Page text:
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Calculating rate law equation by determining initial rate of oxygen produced

  1. Sep 1, 2011 #1
    1. The problem statement, all variables and given/known data


    That is the lab I have been working on. I've done the lab but I am answering the questions. I don't understand the Analysis question #1. How do I calculate the reaction rate for oxygen if I don't have its concentration?

    2. Relevant equations
    c = n/v
    m = m/mr
    r = k[h202]^m[NaI]^n

    3. The attempt at a solution

    Well I know it's completely wrong but I took the volumes recorded of the oxygen produced, converted to moles, divided by the volume of NaI + h202 which was 20ml and divided by 10 seconds (for each trial).
  2. jcsd
  3. Sep 2, 2011 #2
    Okay, nevermind, the question specifically says to convert th volume of O2 within the time interval to get the reaction rate, so it can't be that, if so what would be the point of getting the values for the volume.

    edit: wouldn't it be the same... what the heck is the point of getting these values though!!!! ARGHHHHHHHH someone please help I'm being torn apart it's 1:50 am but I can't go to sleep plzzzzzzzzzzz helppppp!

    edit2: now that I think of it, since they are different trials, I think they are independant from each other, therefore d[A] and dt don't exist... I believe it is just the mol/L*S of the actual oxygen... hmmmm, do i figure out the moles of oxygen, divide by volume (what would it be... 20ml?) and by the time of the reaction(10 seconds in this case)

    plz tell me ill hug you
    Last edited: Sep 2, 2011
  4. Sep 2, 2011 #3


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    Staff: Mentor

    Have you read the question? It specifically says to use the stoichiometry of the reaction - oxygen is just a product, and you are interested in the rate of decomposition of the H2O2.
  5. Sep 2, 2011 #4
    Yes, several times.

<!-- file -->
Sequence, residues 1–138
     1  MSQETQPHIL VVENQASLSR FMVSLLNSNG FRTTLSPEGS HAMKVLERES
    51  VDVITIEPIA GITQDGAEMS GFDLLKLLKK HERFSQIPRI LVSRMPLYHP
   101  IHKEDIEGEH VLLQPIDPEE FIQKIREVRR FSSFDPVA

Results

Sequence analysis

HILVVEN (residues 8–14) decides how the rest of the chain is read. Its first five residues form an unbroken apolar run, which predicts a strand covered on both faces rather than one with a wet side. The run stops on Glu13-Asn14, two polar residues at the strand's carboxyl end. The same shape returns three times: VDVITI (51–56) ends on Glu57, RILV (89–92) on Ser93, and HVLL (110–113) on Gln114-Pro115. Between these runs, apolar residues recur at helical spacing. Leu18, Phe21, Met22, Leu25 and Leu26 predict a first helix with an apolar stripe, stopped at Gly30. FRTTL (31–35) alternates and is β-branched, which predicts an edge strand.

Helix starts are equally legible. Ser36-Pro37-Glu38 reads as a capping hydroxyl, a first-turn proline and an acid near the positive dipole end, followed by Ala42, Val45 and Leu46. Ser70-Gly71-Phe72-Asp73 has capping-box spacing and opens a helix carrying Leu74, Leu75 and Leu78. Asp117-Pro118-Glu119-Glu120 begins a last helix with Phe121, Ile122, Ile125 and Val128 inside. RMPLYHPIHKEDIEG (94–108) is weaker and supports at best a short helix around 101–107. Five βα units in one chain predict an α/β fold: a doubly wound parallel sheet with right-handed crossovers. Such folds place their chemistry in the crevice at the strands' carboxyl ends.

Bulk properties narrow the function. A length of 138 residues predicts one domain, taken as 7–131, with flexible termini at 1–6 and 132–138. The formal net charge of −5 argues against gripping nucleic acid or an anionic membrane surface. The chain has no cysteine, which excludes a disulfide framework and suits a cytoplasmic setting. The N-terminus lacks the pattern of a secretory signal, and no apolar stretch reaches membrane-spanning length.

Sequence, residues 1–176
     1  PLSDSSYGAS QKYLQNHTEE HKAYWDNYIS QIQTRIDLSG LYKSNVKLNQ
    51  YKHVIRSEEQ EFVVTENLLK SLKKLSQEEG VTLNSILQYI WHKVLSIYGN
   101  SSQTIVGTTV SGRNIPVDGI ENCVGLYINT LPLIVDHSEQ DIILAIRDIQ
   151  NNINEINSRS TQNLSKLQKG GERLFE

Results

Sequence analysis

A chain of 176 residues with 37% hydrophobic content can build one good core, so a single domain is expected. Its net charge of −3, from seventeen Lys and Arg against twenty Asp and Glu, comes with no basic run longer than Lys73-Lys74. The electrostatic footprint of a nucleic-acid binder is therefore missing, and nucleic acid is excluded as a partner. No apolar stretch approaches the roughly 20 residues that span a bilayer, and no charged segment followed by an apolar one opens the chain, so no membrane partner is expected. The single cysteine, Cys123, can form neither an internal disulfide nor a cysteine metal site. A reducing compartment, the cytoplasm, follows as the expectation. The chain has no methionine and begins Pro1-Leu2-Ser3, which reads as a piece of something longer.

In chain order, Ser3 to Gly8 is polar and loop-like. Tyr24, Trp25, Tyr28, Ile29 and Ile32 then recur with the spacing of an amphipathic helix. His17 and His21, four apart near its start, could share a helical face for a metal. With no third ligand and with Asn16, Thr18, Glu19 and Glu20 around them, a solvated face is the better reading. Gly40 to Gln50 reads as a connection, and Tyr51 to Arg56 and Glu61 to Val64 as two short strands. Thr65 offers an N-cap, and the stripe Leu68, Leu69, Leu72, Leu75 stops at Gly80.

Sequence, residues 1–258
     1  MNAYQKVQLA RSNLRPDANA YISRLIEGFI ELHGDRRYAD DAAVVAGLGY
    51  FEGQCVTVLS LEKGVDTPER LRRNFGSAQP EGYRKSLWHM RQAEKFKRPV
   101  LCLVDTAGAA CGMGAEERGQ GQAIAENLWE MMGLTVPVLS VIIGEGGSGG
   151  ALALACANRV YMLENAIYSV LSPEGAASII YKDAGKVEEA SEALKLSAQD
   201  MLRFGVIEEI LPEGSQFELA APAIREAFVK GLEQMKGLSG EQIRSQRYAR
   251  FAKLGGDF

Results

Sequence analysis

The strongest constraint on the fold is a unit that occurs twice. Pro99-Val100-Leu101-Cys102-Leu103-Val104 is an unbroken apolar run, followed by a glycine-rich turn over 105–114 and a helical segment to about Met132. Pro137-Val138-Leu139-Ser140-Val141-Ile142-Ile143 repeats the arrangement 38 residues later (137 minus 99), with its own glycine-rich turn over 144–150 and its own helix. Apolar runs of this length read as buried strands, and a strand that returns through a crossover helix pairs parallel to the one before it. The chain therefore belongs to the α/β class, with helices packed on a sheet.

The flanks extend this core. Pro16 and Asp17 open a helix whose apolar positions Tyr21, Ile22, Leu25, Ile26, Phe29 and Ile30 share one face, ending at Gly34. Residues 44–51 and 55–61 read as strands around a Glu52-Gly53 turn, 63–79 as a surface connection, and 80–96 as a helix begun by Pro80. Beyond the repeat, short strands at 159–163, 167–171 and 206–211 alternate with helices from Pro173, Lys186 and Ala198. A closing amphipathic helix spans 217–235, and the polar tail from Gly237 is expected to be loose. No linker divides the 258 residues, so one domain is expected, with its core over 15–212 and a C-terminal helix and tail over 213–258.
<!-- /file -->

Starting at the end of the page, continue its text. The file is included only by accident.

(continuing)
It says "For each experiment, determine the initial rate of reaction. That is convert the volume, or mass, or increase in pressure of O2 within the time interval to get an initial rate of mol O2/(L*S). Using the stoichiometry of the reaction, convert this initial rate to a rate of decomposition of H202 in mol/(L*S)".

    There are 2 questions here. Find the intial rate for O2, then using this rate, stoichiometrically determine the rate of decomposition of H202 which would be double.

    I'll try and explain the lab. All trial are independant from each other. That is, they are different concentrations they are left to react for the same time. But it is not one experiment recording at different times, it is 7 different experiments with different concentrations and each 10 seconds. What the lab wants me to do is figure the initial rate for each experiment using the data of volume recorded, with units mol/(L*S). Then I graph the initial rates where H202 is constant and determine what order the reaction is regarding NaI, and vice versa. I can do ALL of this else except I don't know how I am supposed to find the initial rates with the volume of O2 into mol/(L*S). I can get ml/S or mol/S but not mol/(L*S).

    Maybe my first attempt was correct when I changed to moles, then to concentration, and divided by time?

    The data I have is the volume and concentration of H202 and NaI, and the volume of O2 recorded.


    to clarify, the concentration was changed manually, as an independant variable to see what affect it would have on the amount of oxygen produced (dependant variable).
    Last edited: Sep 2, 2011
  6. Sep 2, 2011 #5


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    Staff: Mentor

    You know how many moles of oxygen were produced, you know what was the volume of the solution, you know in what time, just combine these numbers to get correct units.

    There is no such thing as oxygen concentration, as oxygen that you collect is not dissolved, it is a separate phase. However, when you use stoichiometry to find out how much hydrogen peroxide decomposed, you will be able to deal with concentration, as peroxide was in the the solution.
  7. Sep 2, 2011 #6
    AMAZING! One more thing! The volume of the solution is the catalyst and the hydrogen peroxide? 20 ml in each case? Or just the h202: 10 ml?
  8. Sep 2, 2011 #7
    I don't think the catalyst counts though, it just speeds up the process. So 10ml, I'll do this.
  9. Sep 2, 2011 #8


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    Staff: Mentor

    No, to calculate concentration you need to know total volume. That is (approximately, in general volumes are not additive) sum of volumes of all samples mixed.
  10. Sep 2, 2011 #9
    aha... I guess I have to multiply everything by two then -.-


    (actually divide)
    Last edited: Sep 2, 2011
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